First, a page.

Building the foundations for sustainable development: a case for global investment in the capabilities of adolescents, Peter Sheehan et al., The Lancet (2017).

White Papers and Reports

This study presents findings from models estimating the benefit to cost ratio (BCR)—the average value of an intervention relative to its cost—of various interventions affecting adolescents in a number of low, lower-middle, and upper-middle income countries. Interventions targeting physical, mental, and sexual health included family planning, safe abortion, HIV/STI prevention and care, interventions focused on men who have sex with men, interventions focused on sex workers, interventions focused on injection drug use, and out-of-school youth-focused interventions.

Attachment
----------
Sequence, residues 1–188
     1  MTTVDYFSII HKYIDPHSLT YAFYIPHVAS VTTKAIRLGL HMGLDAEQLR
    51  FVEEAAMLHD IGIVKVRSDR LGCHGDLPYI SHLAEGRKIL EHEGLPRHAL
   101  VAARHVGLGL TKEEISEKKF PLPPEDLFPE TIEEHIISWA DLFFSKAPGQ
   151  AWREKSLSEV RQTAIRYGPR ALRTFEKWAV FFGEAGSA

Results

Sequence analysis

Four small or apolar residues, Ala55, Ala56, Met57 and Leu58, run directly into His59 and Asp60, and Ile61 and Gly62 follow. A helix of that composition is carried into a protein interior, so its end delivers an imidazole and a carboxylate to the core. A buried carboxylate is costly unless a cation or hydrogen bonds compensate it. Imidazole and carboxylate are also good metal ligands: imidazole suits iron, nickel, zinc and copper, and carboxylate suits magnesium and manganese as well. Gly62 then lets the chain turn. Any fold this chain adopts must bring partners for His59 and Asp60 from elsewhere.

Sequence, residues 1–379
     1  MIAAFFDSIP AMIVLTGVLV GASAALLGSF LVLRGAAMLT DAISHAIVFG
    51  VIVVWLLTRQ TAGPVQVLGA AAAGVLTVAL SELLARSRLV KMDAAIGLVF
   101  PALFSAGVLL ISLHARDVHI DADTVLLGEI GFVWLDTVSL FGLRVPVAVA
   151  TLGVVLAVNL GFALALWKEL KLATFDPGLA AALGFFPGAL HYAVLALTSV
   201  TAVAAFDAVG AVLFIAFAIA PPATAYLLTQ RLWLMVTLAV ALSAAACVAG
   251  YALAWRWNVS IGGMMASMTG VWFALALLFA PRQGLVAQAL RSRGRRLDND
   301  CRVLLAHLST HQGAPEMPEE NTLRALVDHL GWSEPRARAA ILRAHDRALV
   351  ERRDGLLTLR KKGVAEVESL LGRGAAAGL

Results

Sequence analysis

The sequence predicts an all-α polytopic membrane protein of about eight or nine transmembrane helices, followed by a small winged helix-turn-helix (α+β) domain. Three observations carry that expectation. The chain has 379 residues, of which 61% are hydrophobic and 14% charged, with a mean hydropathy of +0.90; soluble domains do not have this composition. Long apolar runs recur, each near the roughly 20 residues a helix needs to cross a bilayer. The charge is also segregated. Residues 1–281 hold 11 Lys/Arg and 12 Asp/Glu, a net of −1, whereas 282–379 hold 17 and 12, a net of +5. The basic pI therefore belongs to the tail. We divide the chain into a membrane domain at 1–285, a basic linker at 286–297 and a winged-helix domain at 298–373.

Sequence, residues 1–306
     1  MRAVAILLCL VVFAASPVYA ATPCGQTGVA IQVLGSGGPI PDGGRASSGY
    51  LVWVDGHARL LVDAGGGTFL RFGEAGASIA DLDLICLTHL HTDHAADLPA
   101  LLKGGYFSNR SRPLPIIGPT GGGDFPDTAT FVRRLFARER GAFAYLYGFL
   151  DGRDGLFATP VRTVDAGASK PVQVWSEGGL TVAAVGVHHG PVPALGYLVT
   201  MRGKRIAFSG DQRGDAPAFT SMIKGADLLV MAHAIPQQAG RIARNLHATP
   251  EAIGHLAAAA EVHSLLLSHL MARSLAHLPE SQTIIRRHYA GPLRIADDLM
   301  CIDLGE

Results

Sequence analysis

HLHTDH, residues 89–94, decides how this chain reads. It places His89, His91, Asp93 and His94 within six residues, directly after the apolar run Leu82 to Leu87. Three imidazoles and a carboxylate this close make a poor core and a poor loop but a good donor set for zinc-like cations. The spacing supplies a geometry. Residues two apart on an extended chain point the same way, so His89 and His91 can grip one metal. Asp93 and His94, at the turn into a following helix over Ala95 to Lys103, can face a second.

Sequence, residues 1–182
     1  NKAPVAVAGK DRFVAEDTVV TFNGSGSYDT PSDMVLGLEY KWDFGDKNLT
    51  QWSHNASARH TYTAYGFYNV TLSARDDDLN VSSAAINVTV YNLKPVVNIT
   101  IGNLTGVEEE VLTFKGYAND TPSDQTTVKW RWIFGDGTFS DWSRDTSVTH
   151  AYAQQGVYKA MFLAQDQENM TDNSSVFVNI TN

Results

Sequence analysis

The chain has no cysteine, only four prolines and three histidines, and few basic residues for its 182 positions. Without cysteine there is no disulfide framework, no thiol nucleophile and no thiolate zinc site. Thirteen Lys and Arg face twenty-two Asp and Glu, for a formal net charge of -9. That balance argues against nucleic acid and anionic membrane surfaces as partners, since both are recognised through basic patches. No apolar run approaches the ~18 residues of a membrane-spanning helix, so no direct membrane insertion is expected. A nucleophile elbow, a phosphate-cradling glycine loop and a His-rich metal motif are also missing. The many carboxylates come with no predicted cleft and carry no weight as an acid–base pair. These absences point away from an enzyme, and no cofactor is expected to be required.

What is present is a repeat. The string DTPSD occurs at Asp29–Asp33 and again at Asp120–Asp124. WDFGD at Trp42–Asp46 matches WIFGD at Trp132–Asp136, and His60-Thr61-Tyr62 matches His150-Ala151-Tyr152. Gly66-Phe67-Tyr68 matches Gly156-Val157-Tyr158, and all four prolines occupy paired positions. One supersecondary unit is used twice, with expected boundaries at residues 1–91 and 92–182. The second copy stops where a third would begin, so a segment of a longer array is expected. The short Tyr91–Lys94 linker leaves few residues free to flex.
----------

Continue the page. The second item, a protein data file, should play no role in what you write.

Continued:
The average BCR showed a $22.4 value for each dollar spent on HPV vaccination programs in a low income country, $12.8 in a lower-middle income country, and $14.0 in an upper-middle income country. For all other health interventions, the average values were $12.6, $9.9, and $6.4, respectively. Notably, the BCR may be higher than actually reported because it only accounted for deaths and serious disabilities averted, healthy life-years gained from mental health and substance-use, and prevention of unwanted pregnancy.

Application to the United States is obviously limited because it is a high-income country, but the results are still promising because even upper-middle income countries show high BCRs for sexual and mental health interventions focused on adolescents. The study supports further research to understand a more robust application of the findings, and it suggests large-scale economic investments in adolescents should be considered an essential element for health and well-being.